But then there’s always the hassle of trying to get in a run in unfamiliar surroundings and at odd times. If you want an excuse not to run, you can always find one.

But out as my wife is fond of saying: “Suck it up, Buttercup.”

See you on the roads.

GPS drawing: 50 miler pending

28 Mar
GPS drawing of a "50"

Only 9 more days until my ^ miler.

With my long runs behind me for this training cycle, I’ve resorted to entertaining myself in other ways. Like, drawing pictures with my GPS tracker.

The drawing above is the Endomondo route tracking from Thursday night’s run on the streets of Keokuk, Iowa. I only tracked a portion of the run — about a mile and a half of what was overall a 4.3-mile run.

With only 9 days until the Potawatomi Trail 50 in Pekin, Ill., my remaining runs are all short. I ran 6 last night, and I’ll do a 10-miler this weekend, and then just a couple of 3- or 4-milers next week.

I’ve built all the endurance I can hope to build. Right now, it’s all about getting healed. My left hamstring attachment at the ischial tuberosity is hurting again; I’ve been slamming ibuprofen a couple of times a day in hopes of calming the inflammation. But at this point, I’m just going to have to deal with it on April 6. I’ve put in too much time and effort to stop now.

The long-range forecast calls for only one day of rain between now and race day — Saturday, April 6. There is still a bit of snow on the ground from this past weekend’s 10-inch snowfall, but temperatures in the 40s and 50s over the next few days should take care of that. Now, if the warmer temps will just firm up the trails.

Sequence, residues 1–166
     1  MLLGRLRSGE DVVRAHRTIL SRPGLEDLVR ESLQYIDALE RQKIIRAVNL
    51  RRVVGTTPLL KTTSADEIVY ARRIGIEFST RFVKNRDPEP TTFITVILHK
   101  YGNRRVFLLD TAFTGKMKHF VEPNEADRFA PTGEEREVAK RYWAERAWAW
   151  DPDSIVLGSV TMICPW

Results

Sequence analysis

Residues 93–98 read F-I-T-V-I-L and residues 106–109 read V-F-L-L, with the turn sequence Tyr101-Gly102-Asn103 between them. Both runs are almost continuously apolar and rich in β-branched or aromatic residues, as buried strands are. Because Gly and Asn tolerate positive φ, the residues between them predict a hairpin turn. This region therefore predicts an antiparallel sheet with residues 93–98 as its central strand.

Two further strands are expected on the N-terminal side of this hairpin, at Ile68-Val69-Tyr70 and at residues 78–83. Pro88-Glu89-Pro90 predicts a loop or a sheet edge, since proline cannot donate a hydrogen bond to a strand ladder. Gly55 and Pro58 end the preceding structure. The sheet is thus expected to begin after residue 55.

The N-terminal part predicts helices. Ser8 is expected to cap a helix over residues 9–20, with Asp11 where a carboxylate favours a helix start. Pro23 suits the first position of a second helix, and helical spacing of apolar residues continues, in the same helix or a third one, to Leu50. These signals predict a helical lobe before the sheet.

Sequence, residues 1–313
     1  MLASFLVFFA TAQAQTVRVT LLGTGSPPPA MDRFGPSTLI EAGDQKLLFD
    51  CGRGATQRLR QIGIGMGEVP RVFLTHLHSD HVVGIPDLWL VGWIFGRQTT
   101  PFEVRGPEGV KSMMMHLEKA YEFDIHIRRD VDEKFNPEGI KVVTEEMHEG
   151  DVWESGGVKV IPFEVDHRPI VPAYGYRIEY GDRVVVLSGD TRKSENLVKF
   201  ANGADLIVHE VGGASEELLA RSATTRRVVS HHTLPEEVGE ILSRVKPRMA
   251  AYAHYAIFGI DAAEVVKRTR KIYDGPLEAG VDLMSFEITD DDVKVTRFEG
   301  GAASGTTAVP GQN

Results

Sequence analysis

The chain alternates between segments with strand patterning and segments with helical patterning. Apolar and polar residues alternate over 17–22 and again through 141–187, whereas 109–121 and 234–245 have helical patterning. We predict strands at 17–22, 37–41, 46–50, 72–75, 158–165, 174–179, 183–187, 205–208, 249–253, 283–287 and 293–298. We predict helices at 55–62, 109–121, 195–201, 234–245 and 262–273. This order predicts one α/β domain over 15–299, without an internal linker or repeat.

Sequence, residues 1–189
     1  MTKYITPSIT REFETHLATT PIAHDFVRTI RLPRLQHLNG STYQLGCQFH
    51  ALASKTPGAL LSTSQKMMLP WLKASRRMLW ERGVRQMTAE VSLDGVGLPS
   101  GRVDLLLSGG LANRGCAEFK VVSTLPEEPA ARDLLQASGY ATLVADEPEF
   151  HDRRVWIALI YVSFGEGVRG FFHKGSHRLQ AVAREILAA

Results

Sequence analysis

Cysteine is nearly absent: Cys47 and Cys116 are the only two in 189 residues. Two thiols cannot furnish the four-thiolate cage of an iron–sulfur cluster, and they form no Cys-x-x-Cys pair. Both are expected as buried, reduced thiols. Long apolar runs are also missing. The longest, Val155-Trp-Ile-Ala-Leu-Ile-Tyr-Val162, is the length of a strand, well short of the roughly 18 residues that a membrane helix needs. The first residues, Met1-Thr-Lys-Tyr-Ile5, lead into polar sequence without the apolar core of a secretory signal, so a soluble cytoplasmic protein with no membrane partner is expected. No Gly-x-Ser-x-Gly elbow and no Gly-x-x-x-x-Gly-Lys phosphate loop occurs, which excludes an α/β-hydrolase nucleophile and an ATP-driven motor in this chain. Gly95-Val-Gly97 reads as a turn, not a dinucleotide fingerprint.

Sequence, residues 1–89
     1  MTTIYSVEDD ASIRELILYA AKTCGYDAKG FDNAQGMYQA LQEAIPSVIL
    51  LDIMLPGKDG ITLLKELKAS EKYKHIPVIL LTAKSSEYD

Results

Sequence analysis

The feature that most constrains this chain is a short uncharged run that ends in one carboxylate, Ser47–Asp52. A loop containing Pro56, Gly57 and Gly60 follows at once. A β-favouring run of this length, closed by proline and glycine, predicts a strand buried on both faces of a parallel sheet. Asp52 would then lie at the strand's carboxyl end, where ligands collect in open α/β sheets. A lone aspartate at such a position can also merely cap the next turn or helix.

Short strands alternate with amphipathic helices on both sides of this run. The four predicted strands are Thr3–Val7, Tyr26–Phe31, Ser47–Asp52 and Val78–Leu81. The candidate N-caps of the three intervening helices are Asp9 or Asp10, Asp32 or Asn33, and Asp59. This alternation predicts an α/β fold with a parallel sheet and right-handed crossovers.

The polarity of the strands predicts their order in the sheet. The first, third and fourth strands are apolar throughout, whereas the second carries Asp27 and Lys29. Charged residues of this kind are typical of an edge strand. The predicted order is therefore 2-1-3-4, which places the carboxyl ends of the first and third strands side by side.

I’ve got some packing to do, getting my extra shoes, shirts and socks ready for the race. I need to prepare my race fuel.

But most of all, I’m ready to get this show on the road trail.

♦ ♦ ♦

If you missed it earlier, this post features photos and a scouting report on the Potawatomi Trail in Pekin.

This post details a battle I’ve had with blisters.

And this post tells some of the things I’ve been trying to stay fueled on the roads.

The Headless Combine

16 Mar
International combine without a head near Keokuk, Iowa

Combine near cornfield

International combine without a head near Keokuk, Iowa

Combine in sepia

 

Pelicans on the Mississippi

14 Mar
Pelicans on the Mississippi River near Keokuk, Iowa

Plenty of Pelicans

Pelicans on the Mississippi River near Keokuk, Iowa

A Pair of Pelicans